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Last week, Public Spend Forum founder and CEO Raj Sharma was over from Washington DC visiting the UK (not from Chicago as we mistakenly claimed in our webinar!). While he was here we took the opportunity to hold said webinar to give PSF members and anyone interested (solution providers, or other suppliers to the public sector as well as practitioners) an update on progress this year, both in the US and beyond.

It was also an opportunity for the audience to ask questions about what we can practically do to add traction to that progress in the UK. Given the busy time of year for the public sector, we thought a 45-minute webinar would be more accessible than a full-blown “UK Exchange” meeting.

Peter Smith was also involved in the discussion, and he began by explaining the UK’s involvement in the overarching initiative to improve and promote public sector best practice in the UK. If you don’t yet know about the initiative, it is a collaborative attempt to: help public procurement and public supply markets work more effectively and to build a global community and a knowledge-sharing network around best practices, benchmarking, and diagnostic and learning tools.

He talked about the two UK Exchange Meetings we held this year with senior public sector leaders, and ran briefly through the outcomes of those discussions. You can access the slides to that here. – you do need to sign up to PSF to do that which is free, gives you access to lots of material on the website and only takes two minutes.

Raj then took over the helm and gave the background to PSF and what we believe to be the main issues affecting public sector markets today. He outlined our ambition to create open government markets where the best and most applicable suppliers can be found to enable public bodies to deliver value and positive outcomes to the citizen.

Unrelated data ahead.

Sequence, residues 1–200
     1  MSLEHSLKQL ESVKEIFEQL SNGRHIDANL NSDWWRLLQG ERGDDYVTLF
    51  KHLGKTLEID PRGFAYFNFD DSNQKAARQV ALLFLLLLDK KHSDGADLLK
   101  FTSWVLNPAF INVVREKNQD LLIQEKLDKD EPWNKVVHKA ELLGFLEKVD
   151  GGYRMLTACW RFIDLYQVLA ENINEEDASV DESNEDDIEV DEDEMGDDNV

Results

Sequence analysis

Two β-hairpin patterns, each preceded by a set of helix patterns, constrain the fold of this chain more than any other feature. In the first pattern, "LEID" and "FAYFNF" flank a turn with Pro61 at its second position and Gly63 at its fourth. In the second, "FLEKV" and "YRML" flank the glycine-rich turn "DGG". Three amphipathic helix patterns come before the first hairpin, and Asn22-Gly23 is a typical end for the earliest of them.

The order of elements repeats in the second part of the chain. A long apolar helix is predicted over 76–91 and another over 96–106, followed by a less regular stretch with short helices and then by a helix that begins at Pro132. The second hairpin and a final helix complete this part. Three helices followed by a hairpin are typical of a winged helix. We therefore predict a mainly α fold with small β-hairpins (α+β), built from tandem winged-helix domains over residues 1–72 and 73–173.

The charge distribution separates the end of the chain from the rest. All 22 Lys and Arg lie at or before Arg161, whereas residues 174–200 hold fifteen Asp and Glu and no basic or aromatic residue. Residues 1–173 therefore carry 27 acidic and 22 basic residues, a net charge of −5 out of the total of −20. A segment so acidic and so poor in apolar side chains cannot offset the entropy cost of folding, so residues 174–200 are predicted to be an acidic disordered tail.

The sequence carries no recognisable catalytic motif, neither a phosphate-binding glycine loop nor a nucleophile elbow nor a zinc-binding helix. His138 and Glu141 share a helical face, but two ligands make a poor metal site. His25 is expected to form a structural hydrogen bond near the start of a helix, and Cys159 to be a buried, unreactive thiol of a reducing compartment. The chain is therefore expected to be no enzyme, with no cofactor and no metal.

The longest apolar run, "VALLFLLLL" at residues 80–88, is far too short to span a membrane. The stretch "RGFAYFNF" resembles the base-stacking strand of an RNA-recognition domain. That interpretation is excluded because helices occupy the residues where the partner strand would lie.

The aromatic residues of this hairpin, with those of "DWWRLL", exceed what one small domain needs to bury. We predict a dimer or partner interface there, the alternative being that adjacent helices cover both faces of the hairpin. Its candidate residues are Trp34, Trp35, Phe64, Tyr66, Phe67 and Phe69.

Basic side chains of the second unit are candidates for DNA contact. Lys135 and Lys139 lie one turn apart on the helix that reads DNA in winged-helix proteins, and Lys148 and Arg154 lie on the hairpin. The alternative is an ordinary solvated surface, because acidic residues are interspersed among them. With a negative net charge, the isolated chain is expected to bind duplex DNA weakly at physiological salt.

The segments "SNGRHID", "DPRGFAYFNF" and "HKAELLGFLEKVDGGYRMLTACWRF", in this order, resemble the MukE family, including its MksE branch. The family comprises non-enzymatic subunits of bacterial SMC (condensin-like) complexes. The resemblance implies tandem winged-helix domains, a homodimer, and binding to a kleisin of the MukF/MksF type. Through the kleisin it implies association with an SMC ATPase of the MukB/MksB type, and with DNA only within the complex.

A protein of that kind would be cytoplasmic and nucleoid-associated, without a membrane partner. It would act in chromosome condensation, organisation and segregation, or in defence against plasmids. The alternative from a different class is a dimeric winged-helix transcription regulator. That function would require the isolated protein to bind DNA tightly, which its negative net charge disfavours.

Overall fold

Our mission in PSF, he says, is to deliver market and supplier intelligence to enable the formation of more useful and value-delivering relationships. And to build a community with a common interest to drive that value.

From a tools and frameworks perspective, Raj explained how through discussions with many people in the public sector market, we have arrived at three main areas of current focus: a workforce competency model, looking at the core skills needed in public procurement; a measurement and management standard, a model built for the public sector to define just how you know what you are doing is successful (which will be rolled out initially in the US); and a procurement technology adoption framework looking at how technology is impacting public procurement.

The recent PSF public procurement technology symposium in the US was also very successful, and there is more on that available on the website for those who are interested.

The question then is this – given that there should not be too many regional barriers in terms of knowledge and skills, competencies and best practice – how far do any or all of these have synergy with the UK and Europe? How can we bring this to the rest of the world?

So the conversation turned to what we can usefully do here in UK to progress with the PSF vision. We can disseminate material through our PSF portal, and we can contribute material from the UK and Europe that might have relevance elsewhere. We can look at holding events, to support the US initiatives and help drive value transfer across Europe, although we recognise there are many events already and they do require considerable effort!

There was also a number of comments from the audience, including this from a Scottish local authority, who also reminded us that a competency model is in existence in Scotland:

Q. “A big challenge for us in UK is delivering more for less. I see that focusing on how we commission services as much as the process that we go through to procure things. Is outcome commissioning something you will be looking at going forward?”
A. Yes, this is of interest in both the US and the UK – we’ve also written about it on Spend Matters, such as our recent article featuring the Slough council initiatives.

And this from an education sector purchasing consortium:

Q. We would value more eLearning capability, perhaps around the Competency framework. Might a suite of eLearning packages be marketable in UK public sector?”
A. Yes, it might be, although Raj suggested that this was an area where PSF might look to partner with people who had existing expertise in e-learning rather than re-inventing the wheel.

Another comment asked whether we could do more in terms of podcasts as a great way to use real examples from the public procurement perspective – yes, certainly, and this is something Raj and the US team have started doing in the US. We can and should certainly mimic that here in the UK.

It just remained for Peter to ask readers/webinar listeners to submit their thoughts on what they would find most useful to them, and what we can do to replicate, in the UK and Europe, complement or add value to the initiatives taking place in the US.

You can listen to the discussion in more detail by registering (it is very quick) to access the webinar here. And we welcome your thoughts and ideas, please submit them via the comments field below.

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